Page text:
Profile in Courage: Bill Gates

Ross Marchand

May 22, 2020

Over the past 40 years, Bill Gates has worn many different hats. He’s the co-founder of the Microsoft Corporation and backer of countless philanthropic pursuits. Gates’ business acumen and unrivaled command of computer science have made him one of the world’s wealthiest people and he’s used that money to help out millions of people across the globe. Along the way he’s encountered plenty of challenges, including facing the wrath of Washington, D.C. regulators and bureaucrats when Microsoft was the target of antitrust action under former President Bill Clinton.

Gates pressed on undeterred, continuing his commitment to innovation and helping people. Recently, Gates helped jump-start a COVID-19 surveillance and testing system in his native Seattle, Washington. But in setting up this system, the billionaire philanthropist has had to contend with the infamously risk-averse Food and Drug Administration (FDA). Conspiracy theorists have also bizarrely set their sights on Gates, accusing him of being involved in the creation and spread of COVID-19. So, for continuing to help people even as conspiracy theorists spread misinformation and overzealous bureaucrats breathe down his neck (yet again), Bill Gates is truly a Profile in Courage.

From an early age, family and peers saw the promise and potential of an ever-tinkering Bill Gates. While most middle-schoolers collected baseball cards and strategized about scoring dates, Gates was writing software programs and analyzing computer systems. Gates continued to pursue computer science during his days at Harvard but made a fateful decision in 1975 during his sophomore year to drop out of school and start a computer software company with long-time friend Paul Allen. The early purpose of “Micro-Soft” (for microprocessors and software) was to create and sell software for an early personal computer called the Altair 8800.  Well, sales quickly took off and Microsoft’s (and Gates’) clout and business significantly expanded. By 1978, Microsoft was earning more than $1 million per year. As the company started licensing operating systems to IBM and other computer companies, investor interest skyrocketed. By 1986, the company went public and, shortly thereafter, Bill Gates became the youngest billionaire ever.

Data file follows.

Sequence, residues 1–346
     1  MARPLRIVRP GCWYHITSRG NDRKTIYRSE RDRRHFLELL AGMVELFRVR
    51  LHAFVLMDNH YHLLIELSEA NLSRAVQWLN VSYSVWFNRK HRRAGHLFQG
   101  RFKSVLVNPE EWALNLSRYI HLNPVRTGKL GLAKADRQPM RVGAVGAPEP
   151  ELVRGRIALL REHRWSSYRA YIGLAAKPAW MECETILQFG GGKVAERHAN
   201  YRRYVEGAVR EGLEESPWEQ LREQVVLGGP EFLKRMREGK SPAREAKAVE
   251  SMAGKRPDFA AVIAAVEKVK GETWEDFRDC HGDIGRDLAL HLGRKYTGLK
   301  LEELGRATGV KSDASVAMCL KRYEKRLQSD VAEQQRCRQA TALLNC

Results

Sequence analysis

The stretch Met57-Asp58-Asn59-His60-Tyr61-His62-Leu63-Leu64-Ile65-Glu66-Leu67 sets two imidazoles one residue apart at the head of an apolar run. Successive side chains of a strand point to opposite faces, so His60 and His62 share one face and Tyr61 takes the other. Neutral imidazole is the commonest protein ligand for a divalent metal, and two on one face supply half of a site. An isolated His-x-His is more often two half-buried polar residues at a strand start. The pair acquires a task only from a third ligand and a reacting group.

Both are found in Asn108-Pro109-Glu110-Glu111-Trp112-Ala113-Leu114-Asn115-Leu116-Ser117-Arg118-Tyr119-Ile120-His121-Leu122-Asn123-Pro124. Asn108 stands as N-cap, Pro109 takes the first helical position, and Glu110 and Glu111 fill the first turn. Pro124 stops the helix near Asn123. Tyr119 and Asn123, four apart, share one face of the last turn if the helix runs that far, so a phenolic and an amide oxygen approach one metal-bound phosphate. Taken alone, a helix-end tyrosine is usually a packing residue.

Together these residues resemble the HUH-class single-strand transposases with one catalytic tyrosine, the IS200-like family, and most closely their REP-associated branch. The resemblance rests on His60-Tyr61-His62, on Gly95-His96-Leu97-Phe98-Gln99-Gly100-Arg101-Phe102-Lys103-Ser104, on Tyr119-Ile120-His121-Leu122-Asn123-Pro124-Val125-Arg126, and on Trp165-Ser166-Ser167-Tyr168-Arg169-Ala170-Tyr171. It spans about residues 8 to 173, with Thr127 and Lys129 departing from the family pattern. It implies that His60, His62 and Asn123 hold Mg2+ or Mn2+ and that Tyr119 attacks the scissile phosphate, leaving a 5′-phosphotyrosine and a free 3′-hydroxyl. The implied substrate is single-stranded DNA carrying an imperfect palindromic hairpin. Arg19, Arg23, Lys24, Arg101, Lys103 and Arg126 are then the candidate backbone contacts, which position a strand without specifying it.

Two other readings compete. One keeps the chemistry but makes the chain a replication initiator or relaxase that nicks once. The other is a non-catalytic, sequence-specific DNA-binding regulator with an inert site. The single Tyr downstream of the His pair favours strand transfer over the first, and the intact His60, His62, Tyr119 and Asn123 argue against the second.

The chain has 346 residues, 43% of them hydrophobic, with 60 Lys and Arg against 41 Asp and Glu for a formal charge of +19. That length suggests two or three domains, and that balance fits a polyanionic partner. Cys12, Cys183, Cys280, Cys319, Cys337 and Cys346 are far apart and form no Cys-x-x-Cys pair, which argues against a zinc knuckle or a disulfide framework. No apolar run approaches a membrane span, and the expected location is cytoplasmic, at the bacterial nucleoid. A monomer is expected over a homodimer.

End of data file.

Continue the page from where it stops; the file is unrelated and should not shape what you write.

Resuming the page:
Since stepping down from his computer empire in 2000 to pursue philanthropic ventures, Gates has paved the way in worldwide disease eradication. With far-reaching initiatives ranging from increasing childhood vaccine availability to controlling malaria to providing food for starving villages, the $50 billion Bill and Melinda Gates Foundation has saved and bettered millions of lives. But after two decades of unparalleled public health successes, the Coronavirus unexpectedly entered the scene in 2020 and wreaked havoc around the world. Bill Gates’ hometown of Seattle became ground zero for the pandemic. 

And, as the disease quickly spread, hospitals were overwhelmed and lockdown orders across the county ensued. Gates quickly got to work with local Seattle and King County officials to fund a surveillance and testing program that could rapidly trace the disease’s spread. As explained by Gates, the Seattle Coronavirus Assessment Network (SCAN) was supposed to, “paint a clearer picture of how COVID-19 is moving through the community, who is at greatest risk, and whether physical distancing measures are working.”

The program got off to a promising early start and began testing patients in March. But despite being in constant communication with the FDA, the federal agency abruptly ordered SCAN to cease activities in early May. The FDA had a qualm not with the accuracy of the data being produced, but rather with SCAN’s transparency protocols. In federal bureaucrats’ opinion, SCAN was being too transparent by relaying testing data back to patients. According to the FDA’s bizarre logic, it would’ve been preferable for researchers to take patients’ data while leaving them in the dark about the results. As of May 22, the SCAN program remains shuttered and Seattle is more vulnerable to the Coronavirus as a result. Despite these pitfalls, Bill Gates will continue to soldier on and work with the FDA to get SCAN up-and-running again.

This is not Gates’ first rodeo with adversity, and he’s more than willing to put in the hard work to save lives. And for that, Bill Gates is a Profile in Courage. America needs more bold entrepreneurs like Bill Gates.